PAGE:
The life, and the reign, of Flavius Claudius Iulianus, was brief but eventful. As the grandson of Western Emperor Constantius Chlorus, and the half-brother of Emperor Constantine the Great, Flavius was always likely to become a powerful man although his elevation to the role of the emperor was almost as much an accident as it was by design. We know him as Julian the Apostate, a name he received because he renounced Christianity and became a Pagan.
Julian was a Christian for over half of his life but ultimately reverted to Theurgy. Private letters to Libanius showed that Julian had been a secret Pagan for a long time. The future emperor complained that his cousin, Constantius II, forced Christianity on him. According to A. H. M. Jones, Julian developed a love of Greece’s literature and mythology and loathed the new religion which he believed was an example of “pernicious vanity.”
Julian was only sole emperor for little over 18 months, and an ambitious campaign against the Sassanid Empire cost him his life and threw the empire into turmoil. Julian was the last non-Christian Roman emperor, but his reign was far too short for him to make an impact on his goal to restore Rome to its halcyon days of Pagan glory.
Julian was born Flavius Claudius Iulianus in Constantinople in June 331 or 332. As well as having blood relations to emperors, Julian’s father was consul in 335. Both of his parents were Christians, so there was no early indication of his reversion to paganism. Julian survived a purge conducted by his Arian cousin, Constantius II, in 337. The newly crowned emperor wanted to remove perceived threats to his crown, so he ordered the murders of the majority of Julian’s family. Overall, Julian and his half-brother Gallus were the only male descendants in his direct family to avoid death. Julian’s mother also died when he was still young.
The difficult circumstances of his youth meant Julian needed to find solace and he did, in the form of learning. Along with Gallus, Julian was excluded from public life, and the two boys were exiled to Macellum in Cappadocia in 342 after the death of their guardian, Eusebius of Nicomedia. By all accounts, Julian became obsessed with the philosophical writings of Plato and believed these ideas should be followed in politics and daily life.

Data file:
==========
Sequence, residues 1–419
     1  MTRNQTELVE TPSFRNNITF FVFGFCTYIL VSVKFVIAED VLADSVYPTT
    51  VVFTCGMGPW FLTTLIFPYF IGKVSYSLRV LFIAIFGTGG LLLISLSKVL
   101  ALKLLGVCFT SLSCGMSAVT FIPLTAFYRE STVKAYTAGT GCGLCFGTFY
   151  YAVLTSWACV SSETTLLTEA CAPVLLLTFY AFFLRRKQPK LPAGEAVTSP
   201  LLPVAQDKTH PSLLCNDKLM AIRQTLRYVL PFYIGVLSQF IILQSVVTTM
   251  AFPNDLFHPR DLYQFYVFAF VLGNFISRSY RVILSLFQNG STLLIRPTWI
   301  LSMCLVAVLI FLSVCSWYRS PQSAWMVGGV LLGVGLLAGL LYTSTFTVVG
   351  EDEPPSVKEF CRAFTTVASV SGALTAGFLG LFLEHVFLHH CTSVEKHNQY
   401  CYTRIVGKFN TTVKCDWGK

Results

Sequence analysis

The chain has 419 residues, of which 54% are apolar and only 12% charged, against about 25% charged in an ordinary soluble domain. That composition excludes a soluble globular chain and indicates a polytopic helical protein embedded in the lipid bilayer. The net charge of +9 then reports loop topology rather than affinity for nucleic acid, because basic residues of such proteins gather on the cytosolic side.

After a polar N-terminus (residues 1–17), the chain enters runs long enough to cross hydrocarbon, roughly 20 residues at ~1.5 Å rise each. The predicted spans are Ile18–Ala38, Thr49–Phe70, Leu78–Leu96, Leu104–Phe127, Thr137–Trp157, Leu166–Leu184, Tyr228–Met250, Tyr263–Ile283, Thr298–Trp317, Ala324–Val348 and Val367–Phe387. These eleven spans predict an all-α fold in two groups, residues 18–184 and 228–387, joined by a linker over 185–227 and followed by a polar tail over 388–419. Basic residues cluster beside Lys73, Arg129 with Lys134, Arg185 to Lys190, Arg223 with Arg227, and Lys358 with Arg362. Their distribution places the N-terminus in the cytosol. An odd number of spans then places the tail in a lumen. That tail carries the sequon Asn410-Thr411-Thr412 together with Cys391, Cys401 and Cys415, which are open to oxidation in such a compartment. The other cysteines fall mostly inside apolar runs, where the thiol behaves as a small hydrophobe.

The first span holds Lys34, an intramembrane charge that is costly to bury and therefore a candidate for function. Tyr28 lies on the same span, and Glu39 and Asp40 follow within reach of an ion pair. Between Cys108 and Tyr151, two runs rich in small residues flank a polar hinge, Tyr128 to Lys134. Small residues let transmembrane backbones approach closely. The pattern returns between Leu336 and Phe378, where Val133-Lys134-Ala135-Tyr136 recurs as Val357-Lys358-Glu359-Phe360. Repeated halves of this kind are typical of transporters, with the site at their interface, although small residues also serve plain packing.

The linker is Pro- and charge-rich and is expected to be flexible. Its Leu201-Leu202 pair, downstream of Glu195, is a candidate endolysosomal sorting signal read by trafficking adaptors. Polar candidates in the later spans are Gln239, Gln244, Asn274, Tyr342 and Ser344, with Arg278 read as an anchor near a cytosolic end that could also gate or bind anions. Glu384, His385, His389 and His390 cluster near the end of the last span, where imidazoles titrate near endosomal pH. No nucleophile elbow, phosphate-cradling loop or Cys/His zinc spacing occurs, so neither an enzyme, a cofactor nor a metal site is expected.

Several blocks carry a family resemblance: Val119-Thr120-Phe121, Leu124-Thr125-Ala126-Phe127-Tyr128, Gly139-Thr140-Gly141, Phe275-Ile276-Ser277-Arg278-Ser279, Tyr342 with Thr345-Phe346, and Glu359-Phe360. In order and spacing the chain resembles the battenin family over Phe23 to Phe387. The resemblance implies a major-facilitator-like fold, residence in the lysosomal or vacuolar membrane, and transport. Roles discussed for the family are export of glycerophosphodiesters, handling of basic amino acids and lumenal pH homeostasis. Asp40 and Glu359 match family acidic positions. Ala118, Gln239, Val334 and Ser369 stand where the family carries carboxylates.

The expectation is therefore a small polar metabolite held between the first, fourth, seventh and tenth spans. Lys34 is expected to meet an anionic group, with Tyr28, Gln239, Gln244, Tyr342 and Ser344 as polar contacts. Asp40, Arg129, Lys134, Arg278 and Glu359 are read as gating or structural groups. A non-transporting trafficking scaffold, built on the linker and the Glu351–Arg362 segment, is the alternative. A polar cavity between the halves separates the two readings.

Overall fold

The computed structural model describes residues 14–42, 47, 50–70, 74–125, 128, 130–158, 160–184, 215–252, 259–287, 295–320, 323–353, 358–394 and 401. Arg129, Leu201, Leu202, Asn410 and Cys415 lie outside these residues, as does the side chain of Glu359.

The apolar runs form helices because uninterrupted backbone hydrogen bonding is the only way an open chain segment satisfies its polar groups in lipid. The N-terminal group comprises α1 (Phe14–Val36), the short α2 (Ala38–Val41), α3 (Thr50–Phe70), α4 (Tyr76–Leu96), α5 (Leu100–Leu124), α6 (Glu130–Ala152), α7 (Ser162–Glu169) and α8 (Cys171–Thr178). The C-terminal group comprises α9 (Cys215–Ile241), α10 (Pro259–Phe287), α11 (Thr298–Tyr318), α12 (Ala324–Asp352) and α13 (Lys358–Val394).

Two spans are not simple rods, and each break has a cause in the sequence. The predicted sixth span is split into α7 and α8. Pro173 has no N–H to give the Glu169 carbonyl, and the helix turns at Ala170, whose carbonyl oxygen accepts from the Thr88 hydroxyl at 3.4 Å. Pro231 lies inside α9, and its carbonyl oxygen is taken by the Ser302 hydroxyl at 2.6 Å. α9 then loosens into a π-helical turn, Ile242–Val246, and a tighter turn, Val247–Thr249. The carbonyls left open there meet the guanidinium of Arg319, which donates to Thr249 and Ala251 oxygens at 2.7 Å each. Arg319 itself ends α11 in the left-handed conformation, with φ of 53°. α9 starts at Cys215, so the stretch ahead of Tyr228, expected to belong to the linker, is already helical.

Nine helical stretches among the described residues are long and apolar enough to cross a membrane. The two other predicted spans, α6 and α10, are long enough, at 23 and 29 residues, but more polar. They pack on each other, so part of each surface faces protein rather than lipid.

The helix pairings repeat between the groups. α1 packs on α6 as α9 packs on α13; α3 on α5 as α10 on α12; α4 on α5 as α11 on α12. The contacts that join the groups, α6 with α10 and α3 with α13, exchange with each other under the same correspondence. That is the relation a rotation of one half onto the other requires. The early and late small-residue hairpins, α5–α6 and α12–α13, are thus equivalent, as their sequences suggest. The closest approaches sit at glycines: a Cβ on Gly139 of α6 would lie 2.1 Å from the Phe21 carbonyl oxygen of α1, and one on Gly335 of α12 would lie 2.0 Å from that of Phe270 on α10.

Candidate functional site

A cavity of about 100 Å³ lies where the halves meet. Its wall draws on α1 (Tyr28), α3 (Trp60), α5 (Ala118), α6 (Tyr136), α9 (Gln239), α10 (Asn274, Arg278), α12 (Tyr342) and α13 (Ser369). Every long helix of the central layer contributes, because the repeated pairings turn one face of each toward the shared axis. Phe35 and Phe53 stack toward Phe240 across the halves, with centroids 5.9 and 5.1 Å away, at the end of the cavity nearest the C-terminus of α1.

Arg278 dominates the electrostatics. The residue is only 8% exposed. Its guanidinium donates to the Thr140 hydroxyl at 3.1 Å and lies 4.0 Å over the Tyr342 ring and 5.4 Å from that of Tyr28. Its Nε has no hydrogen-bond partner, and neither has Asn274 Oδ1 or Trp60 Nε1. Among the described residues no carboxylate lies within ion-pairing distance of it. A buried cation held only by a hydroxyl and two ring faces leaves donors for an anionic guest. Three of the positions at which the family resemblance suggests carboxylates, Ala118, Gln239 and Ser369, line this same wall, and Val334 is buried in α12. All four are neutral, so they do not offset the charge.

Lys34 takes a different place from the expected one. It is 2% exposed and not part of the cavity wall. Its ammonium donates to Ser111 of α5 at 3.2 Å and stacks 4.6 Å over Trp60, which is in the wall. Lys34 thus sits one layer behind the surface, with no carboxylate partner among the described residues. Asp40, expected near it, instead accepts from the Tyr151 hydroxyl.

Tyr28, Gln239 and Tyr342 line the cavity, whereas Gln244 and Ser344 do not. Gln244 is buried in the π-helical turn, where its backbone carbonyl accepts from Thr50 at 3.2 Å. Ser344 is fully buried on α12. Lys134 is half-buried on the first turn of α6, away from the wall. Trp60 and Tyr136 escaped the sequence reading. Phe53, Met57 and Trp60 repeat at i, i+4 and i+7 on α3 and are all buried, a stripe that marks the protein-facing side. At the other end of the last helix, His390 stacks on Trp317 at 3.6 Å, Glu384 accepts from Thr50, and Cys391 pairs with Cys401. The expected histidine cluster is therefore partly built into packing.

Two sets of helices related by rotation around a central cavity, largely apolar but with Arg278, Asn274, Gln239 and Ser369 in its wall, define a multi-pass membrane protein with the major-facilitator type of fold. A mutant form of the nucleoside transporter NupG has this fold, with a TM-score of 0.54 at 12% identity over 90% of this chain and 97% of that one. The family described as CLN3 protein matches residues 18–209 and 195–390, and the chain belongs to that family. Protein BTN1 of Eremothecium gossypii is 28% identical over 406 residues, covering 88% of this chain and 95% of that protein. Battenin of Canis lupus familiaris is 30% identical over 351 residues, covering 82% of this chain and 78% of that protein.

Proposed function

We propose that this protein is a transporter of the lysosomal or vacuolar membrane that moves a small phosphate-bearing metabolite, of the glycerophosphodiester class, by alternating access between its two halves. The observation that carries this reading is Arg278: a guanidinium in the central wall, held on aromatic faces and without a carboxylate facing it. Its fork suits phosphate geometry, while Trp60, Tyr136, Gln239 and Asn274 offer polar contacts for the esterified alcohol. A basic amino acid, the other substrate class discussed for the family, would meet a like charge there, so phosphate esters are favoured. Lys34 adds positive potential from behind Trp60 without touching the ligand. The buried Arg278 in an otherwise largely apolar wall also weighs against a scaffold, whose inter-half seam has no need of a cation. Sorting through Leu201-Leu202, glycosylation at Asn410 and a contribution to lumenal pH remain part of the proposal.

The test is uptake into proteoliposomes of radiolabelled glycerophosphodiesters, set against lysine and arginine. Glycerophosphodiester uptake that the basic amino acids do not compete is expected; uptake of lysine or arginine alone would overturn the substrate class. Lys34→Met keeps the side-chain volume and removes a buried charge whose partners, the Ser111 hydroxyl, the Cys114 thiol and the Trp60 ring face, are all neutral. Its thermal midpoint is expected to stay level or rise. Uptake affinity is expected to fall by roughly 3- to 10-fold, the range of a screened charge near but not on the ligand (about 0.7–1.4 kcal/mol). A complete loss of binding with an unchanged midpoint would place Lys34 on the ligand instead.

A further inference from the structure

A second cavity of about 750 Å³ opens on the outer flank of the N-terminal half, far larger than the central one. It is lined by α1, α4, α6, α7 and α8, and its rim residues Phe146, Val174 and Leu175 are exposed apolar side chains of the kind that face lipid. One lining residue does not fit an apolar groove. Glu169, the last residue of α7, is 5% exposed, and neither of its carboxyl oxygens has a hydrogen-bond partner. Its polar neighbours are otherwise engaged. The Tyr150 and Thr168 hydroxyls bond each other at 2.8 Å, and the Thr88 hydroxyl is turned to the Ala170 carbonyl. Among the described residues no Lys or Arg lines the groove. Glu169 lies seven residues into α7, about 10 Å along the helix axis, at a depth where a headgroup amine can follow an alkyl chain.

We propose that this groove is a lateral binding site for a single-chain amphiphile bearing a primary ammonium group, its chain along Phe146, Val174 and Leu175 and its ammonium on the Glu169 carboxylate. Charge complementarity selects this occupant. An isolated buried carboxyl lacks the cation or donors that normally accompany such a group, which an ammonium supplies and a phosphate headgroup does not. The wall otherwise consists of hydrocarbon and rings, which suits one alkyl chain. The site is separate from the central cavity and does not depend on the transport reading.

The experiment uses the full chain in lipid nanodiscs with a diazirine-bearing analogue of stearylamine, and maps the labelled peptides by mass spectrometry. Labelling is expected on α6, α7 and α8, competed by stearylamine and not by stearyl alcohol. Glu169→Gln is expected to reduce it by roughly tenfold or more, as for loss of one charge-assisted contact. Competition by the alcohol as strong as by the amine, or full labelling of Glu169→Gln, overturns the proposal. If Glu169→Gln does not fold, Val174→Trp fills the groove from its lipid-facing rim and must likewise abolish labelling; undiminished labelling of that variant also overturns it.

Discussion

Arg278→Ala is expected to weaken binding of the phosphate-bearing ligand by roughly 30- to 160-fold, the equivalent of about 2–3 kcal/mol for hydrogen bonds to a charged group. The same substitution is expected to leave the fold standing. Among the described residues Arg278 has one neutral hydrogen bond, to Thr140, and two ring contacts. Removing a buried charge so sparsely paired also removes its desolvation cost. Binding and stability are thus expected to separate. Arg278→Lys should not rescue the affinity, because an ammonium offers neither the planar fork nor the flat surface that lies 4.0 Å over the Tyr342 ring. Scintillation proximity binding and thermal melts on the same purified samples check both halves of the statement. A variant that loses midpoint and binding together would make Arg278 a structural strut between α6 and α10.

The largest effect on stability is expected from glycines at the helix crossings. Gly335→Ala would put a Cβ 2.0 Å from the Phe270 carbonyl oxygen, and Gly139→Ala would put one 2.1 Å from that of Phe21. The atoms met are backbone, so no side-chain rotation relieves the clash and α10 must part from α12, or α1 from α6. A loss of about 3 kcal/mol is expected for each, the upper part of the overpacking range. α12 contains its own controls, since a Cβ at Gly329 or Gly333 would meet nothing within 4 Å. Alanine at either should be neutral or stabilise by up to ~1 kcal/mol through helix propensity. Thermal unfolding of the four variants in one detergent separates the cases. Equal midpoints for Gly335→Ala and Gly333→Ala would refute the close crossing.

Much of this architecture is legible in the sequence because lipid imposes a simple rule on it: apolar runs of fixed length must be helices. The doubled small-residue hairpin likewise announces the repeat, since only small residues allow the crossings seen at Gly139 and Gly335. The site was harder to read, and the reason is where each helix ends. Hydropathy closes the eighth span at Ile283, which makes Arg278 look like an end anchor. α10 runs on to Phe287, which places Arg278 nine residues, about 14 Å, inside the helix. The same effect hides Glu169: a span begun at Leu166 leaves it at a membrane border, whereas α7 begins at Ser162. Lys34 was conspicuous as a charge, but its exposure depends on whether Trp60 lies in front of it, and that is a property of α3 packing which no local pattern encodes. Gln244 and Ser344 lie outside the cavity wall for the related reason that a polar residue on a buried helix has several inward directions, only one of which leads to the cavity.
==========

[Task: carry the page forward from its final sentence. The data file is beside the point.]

The lure of paganism was proving too strong for Julian to resist and he was initiated into the Eleusinian Mysteries sometime in the mid-350s. This was a significant step because these initiations were the most famous ancient Greek secret religious rite. The site, Eleusis, just 15 miles away from Athens, was known for celebrating ideas of the afterlife some five centuries before the birth of Christ. It was a clear sign that Julian was abandoning Christianity although he tried to keep it a secret to avoid the wrath of Emperor Constantius II.
Meanwhile, there was a real battle for power occurring as Constantius II eventually became sole emperor in 350 when his brother, Constans, died fighting against a usurper named Magnetius. The emperor needed support, so he handed Gallus the role of Caesar of the East in 351. He began a reign of terror and angered the emperor by holding a chariot race in Constantinople’s Hippodrome. Gallus crowned the winner, an honor usually reserved for emperors. Constantius ordered the execution of Gallus in 364. While he changed his mind, one of his senior officers ensured the news didn’t reach the executioners. Julian was also accused of involvement with Gallus but was eventually cleared when empress Eusebia spoke up for him. Soon, the man of learning was thrust into the spotlight.